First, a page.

The molecular structure exists, and now it has finally been proven

The molecular structure exists, and now it has finally been proven

published
March 5, 2024

Nearly a hundred years ago, it was possible to see the structure of molecules using a method called electron diffraction. Therefore, most chemists felt confident in the existence of these structures. Most people who studied chemistry in high school have seen textbooks full of molecular structures.

Electron diffraction

Electron diffraction is a method used, among other things, to study molecular structure. The method works by firing electrons at the molecule to be examined.

When an electron hits a molecule, it changes direction. By firing many electrons at the molecule, a pattern is formed of where something is “solid.” By interpreting the pattern that forms, researchers can say something about the distance between atoms. So they also understand what the molecule looks like.

But since molecular structure conflicts with quantum mechanics, there has been debate within the chemistry community. According to quantum mechanics, it is not certain that these structures exist. Part of the reason for this is that it has not been possible to use quantum mechanics to find molecular structure – even though all chemists believe it should be so. Another reason is due to quantum mechanics itself:

– It is a contradiction that we can see the molecular structure, while the nature of quantum mechanics shows that we cannot know anything about the position of particles, while we know the speed, explains Thomas Bondo Pedersen, professor of theoretical chemistry at the University of Oslo.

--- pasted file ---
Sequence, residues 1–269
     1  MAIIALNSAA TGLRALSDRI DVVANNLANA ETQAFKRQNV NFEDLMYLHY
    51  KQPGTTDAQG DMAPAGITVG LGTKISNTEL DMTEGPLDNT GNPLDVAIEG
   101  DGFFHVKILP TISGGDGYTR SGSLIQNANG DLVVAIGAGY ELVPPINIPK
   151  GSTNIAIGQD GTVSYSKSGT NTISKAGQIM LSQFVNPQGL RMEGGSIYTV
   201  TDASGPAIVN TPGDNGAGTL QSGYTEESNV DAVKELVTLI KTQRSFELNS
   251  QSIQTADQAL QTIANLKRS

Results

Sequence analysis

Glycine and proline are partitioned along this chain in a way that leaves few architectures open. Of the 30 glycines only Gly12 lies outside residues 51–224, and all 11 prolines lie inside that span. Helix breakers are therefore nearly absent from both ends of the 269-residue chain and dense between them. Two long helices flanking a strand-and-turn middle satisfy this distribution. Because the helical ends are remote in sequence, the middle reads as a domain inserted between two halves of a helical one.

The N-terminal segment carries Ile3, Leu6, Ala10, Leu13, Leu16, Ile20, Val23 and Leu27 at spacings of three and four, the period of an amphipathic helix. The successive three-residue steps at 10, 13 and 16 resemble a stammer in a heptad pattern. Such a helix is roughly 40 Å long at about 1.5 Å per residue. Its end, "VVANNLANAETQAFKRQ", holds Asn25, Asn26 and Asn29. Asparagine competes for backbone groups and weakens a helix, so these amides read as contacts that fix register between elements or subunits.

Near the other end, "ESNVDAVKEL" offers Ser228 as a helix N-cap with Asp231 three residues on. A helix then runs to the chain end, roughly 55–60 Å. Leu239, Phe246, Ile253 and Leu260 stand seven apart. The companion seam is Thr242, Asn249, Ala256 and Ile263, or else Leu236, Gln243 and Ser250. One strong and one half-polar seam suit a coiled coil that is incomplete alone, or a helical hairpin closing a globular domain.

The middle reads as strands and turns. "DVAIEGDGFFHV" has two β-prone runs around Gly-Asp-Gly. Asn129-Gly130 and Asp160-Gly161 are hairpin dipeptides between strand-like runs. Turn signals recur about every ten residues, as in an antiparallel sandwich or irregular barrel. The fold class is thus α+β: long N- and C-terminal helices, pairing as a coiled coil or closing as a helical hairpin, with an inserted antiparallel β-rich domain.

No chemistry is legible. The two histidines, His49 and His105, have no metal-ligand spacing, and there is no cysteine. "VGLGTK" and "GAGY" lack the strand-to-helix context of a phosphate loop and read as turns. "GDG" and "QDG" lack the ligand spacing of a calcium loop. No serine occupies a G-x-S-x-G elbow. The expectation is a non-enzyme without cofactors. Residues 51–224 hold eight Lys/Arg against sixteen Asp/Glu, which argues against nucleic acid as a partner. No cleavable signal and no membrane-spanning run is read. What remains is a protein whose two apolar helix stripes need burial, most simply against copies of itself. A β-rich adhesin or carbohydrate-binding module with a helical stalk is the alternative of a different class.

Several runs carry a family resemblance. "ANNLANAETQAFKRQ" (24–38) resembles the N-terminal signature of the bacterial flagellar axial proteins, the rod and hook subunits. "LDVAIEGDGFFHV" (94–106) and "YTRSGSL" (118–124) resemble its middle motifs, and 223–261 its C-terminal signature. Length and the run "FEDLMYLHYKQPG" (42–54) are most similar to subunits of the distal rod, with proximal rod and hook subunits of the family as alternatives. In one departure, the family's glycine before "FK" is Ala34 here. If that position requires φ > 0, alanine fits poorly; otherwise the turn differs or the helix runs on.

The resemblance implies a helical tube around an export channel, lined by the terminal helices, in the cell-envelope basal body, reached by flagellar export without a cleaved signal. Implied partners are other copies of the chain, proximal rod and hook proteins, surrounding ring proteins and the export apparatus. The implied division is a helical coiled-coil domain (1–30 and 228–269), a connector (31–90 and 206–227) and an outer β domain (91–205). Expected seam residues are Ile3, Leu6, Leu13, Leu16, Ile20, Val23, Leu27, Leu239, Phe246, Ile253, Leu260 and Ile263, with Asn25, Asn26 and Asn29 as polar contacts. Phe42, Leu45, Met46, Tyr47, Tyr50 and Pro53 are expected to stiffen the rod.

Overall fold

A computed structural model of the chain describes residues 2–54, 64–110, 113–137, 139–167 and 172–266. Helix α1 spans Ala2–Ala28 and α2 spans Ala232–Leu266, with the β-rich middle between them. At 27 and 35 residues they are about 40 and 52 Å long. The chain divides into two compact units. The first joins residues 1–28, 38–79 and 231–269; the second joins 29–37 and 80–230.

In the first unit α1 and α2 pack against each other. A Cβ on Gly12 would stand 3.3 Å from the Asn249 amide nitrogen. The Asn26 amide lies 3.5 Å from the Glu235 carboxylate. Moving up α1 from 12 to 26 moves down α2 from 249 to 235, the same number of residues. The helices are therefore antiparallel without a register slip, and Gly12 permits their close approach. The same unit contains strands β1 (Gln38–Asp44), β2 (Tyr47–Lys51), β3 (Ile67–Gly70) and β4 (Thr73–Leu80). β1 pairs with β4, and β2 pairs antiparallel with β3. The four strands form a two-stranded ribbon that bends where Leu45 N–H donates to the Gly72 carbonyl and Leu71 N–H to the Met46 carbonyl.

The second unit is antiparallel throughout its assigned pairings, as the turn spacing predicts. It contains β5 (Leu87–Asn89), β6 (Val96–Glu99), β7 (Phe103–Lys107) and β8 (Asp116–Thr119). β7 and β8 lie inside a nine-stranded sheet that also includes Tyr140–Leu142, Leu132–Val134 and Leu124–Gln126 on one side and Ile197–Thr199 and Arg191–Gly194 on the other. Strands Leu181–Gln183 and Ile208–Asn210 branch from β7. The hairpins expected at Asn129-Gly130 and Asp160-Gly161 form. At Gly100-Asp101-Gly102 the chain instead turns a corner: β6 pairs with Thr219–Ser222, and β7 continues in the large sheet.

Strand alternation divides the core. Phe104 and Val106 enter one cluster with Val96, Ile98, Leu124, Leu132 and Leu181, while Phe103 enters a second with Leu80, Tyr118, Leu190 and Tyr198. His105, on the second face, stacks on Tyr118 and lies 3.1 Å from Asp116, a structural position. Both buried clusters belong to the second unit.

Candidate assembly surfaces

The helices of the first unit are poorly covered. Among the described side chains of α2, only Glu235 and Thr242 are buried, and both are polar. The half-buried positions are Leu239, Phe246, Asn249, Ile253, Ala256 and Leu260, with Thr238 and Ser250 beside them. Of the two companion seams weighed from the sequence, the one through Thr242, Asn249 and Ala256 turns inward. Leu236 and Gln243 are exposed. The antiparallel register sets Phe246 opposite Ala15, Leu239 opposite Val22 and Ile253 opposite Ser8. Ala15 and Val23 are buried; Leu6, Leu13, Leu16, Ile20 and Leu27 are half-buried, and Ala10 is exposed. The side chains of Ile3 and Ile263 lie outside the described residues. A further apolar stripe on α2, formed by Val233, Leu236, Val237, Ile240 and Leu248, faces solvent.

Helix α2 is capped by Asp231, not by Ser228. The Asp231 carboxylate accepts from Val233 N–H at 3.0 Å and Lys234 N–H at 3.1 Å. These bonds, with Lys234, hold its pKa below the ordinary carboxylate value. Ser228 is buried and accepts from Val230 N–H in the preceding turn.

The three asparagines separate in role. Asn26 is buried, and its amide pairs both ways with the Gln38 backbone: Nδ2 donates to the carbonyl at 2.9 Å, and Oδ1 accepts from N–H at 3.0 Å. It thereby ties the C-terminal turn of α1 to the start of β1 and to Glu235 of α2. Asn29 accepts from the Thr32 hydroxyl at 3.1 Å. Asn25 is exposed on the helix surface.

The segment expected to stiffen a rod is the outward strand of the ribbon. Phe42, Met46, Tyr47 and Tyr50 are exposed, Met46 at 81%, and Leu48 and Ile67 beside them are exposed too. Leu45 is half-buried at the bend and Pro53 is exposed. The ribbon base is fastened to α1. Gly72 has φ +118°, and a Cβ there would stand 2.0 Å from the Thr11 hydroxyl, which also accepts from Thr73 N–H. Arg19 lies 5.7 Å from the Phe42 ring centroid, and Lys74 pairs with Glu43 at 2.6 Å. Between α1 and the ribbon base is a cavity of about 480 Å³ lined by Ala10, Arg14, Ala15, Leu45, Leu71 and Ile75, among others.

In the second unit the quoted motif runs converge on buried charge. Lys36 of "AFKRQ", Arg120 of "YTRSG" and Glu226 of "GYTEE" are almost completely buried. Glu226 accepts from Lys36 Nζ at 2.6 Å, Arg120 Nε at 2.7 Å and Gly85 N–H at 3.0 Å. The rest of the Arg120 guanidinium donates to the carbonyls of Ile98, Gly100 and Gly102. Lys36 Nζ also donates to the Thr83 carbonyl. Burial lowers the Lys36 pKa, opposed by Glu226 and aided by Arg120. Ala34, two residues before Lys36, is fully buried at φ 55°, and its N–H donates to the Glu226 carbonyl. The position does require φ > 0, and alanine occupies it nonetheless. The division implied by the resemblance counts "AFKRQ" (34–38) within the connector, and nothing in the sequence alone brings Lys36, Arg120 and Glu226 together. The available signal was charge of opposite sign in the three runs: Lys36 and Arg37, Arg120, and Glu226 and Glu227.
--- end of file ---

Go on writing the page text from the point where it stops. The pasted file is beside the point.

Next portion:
Molecular structure is a contradiction

According to him, quantum mechanics cannot distinguish between identical particles, for example protons in a water molecule. They are all the same and nothing can be said about a specific proton in a water molecule for example. Pedersen therefore believes that the molecular structure is paradoxical, because it is then possible to know where the individual molecules are located.

Pedersen says this problem was something Robert Oppenheimer — yes, the Oppenheimer made into a movie — and Max Born tried to solve in 1927. The result was called the Born-Oppenheimer approach. This approach assumes that particles with greater mass move more slowly than those with less mass.

Since atomic nuclei are several thousand times heavier than electrons, they can be assumed to have a fixed position with respect to the electrons. With this approach, Born and Oppenheimer were able to force quantum mechanics to include the concept of molecular structure.

Mathematicians have since shown that this is a very good approximation, even though it violates very fundamental laws of nature for identical particles. This approach has been widely used by physicists and chemists because it is easier to calculate than full quantum mechanics. Because theoretical calculations always agree very well with experimental investigations. So, it should really be possible to go the other way as well. That is by saying; Finding the structure of a molecule using quantum mechanics without using the Born-Oppenheimer approximation. This has been a problem in theoretical chemistry for a long time, but now someone has solved it correctly:

-We have now proven that the method of Born and Oppenheimer is correct. We have shown that it is possible to go in the other direction, from quantum mechanics to molecular structure, says Pedersen.

The molecular structure we have seen so far is merely an explanation

Pedersen explains that the way electron diffraction works is part of the reason for the uncertainty about the existence of molecular structure. What scientists see is not the atoms themselves, but the way the electrons are scattered.

The way we explain this spread depends on theory, and this is the theory we have arrived at, Pedersen explains. We then use theories to create the models and calculations necessary to explain experimental observations.

However, he confirms:

– We have always believed that molecular structures exist, because there are many things that indicate this, he believes.

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Powerful computers were needed to solve the problem